Prohibited Transactions & Disqualified Persons
Self-directed IRAs provide a great deal of freedom, flexibility, and choice of alternative investments to help you take control of your retirement funds. They are also governed by a set of IRS rules pertaining to IRA prohibited transactions that you must be aware of and follow to avoid the losing the tax-deferred status of your account.
The IRS outlines and explains these IRA prohibited transactions in Internal Revenue Code (IRC) 4975.
Prohibited Investments in an IRA
- Your IRA cannot invest in life insurance or collectibles like works of art, antiques, coins and stamps.
- These include transactions between your IRA and yourself or other disqualified persons.
- For example, your IRA cannot lend money to a disqualified person or buy an asset from a disqualified person.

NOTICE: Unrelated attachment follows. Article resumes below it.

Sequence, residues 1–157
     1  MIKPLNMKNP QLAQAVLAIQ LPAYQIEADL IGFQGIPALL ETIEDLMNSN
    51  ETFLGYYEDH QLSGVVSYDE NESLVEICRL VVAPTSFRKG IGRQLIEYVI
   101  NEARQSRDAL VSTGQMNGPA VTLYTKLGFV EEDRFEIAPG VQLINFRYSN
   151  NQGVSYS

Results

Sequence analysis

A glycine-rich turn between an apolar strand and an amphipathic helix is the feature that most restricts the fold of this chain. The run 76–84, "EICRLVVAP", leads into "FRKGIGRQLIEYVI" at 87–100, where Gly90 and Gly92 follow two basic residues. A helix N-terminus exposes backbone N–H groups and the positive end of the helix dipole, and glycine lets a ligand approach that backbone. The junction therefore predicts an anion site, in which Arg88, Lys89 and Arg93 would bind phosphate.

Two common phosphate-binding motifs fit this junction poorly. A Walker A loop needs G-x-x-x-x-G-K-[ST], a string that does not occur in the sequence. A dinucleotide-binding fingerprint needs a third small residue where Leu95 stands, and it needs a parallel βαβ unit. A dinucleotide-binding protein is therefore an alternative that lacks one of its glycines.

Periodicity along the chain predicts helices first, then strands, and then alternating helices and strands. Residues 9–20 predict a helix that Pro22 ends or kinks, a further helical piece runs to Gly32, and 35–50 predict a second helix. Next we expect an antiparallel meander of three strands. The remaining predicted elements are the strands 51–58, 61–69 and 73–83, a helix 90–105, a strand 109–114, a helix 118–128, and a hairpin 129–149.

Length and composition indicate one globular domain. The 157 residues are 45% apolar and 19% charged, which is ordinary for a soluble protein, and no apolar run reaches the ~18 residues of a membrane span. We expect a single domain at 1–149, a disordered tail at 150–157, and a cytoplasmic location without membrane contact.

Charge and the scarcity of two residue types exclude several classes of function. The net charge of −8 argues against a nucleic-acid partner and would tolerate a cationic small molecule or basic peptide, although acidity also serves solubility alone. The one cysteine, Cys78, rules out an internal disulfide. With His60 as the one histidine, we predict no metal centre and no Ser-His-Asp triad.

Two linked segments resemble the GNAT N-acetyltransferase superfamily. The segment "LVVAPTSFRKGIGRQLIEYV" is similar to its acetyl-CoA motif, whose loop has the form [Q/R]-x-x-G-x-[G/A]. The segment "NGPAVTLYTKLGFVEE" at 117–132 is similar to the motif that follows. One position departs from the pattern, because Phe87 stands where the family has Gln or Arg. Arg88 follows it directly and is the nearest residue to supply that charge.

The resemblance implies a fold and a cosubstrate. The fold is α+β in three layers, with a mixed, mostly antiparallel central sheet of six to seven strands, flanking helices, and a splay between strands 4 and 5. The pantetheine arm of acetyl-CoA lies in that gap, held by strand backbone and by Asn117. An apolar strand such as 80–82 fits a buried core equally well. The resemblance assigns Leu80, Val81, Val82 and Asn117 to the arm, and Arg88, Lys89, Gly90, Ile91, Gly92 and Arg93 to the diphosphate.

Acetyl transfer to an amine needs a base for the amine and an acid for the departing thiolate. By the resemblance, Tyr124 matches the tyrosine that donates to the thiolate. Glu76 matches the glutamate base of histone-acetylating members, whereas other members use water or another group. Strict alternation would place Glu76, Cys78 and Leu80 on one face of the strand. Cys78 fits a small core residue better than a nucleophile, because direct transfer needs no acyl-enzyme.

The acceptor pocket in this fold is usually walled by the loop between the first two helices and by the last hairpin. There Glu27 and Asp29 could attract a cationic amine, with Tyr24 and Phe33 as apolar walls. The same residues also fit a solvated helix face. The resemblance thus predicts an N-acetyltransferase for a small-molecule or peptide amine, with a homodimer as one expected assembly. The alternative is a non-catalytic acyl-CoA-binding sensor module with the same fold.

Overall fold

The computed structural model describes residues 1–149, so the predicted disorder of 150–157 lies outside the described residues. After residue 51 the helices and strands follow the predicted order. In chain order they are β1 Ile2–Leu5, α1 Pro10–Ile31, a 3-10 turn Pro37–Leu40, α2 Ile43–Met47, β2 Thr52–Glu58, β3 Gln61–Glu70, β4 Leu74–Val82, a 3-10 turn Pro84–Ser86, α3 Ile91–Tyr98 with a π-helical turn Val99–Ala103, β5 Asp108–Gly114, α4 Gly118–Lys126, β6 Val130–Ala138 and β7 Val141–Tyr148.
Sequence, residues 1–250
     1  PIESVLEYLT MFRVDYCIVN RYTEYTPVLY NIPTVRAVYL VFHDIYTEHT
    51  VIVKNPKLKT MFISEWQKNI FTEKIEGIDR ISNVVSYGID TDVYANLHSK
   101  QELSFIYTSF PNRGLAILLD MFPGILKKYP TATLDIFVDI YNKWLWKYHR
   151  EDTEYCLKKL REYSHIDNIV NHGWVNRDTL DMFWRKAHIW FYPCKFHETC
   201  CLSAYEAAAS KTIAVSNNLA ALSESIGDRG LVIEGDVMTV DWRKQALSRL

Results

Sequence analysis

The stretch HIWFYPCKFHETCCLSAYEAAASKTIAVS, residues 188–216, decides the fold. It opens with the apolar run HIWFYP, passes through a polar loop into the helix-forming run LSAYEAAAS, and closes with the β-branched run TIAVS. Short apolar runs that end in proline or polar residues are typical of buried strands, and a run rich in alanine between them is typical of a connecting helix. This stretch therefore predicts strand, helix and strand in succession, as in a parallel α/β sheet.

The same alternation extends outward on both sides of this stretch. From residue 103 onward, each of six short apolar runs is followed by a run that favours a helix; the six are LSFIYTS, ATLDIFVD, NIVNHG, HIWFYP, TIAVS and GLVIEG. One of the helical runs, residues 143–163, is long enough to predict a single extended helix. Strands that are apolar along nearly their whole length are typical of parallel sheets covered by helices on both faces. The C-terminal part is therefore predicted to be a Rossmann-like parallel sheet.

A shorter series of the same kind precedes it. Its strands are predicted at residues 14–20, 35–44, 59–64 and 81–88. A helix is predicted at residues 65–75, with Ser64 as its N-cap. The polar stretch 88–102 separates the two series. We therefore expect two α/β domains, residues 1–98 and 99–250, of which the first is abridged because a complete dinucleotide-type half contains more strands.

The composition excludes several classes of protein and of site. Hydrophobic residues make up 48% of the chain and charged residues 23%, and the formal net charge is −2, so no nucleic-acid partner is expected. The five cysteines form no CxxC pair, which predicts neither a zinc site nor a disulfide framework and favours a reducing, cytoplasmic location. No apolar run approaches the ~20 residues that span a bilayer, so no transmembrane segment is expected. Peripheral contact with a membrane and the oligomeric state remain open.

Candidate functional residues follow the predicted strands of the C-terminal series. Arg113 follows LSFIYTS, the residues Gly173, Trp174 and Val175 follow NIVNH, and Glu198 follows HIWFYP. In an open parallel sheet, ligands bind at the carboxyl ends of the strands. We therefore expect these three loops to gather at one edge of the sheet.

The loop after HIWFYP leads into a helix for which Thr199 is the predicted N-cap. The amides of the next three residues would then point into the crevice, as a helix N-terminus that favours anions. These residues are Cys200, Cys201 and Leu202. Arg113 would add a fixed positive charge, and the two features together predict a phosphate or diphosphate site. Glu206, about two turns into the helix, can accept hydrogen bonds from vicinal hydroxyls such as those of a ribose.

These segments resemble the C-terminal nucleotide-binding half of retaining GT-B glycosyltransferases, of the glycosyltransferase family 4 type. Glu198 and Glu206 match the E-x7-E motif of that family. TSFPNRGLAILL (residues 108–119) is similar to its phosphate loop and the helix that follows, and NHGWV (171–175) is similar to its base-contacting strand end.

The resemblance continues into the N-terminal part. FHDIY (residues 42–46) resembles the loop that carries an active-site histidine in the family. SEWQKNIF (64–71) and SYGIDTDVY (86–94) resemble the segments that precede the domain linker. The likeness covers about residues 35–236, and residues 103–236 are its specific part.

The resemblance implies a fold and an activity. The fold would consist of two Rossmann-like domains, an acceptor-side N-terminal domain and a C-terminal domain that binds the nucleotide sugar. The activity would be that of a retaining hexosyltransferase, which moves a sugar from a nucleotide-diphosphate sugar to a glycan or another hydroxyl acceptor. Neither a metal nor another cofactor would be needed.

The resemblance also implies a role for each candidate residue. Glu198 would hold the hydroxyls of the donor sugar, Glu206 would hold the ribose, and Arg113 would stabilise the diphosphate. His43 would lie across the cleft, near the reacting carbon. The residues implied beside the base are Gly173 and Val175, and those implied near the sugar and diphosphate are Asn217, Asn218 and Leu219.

- You or any disqualified person receiving a current benefit from the assets in your IRA.
- For example, if your IRA owns multifamily property, you are not permitted to use the property in any manner or allow any disqualified person to use the property.
Disqualified Persons Include
- The IRA holder and his or her spouse
- The IRA holder’s lineal descendants (children, grandchildren, etc.) and their spouses
- The IRA holder’s lineal ascendants (parents, grandparents, etc.)
- Investment advisors, managers, and fiduciaries, or anyone providing services to the IRA
- Any corporation, partnership, trust, or estate in which disqualified persons have a 50 percent or greater interest
Consequences for Prohibited Transactions
The IRS has severe consequences for the owner of the plan and persons who participate in IRA prohibited transactions. The IRA owner is subject to potential income taxes, a 10 percent early withdrawal penalty, as well as potential fines and penalties for not reporting the distribution. The IRS is permitted to seize the entire value of your IRA to satisfy any taxes and penalties.
To understand how these rules effect your transactions, please consult your tax or financial professional.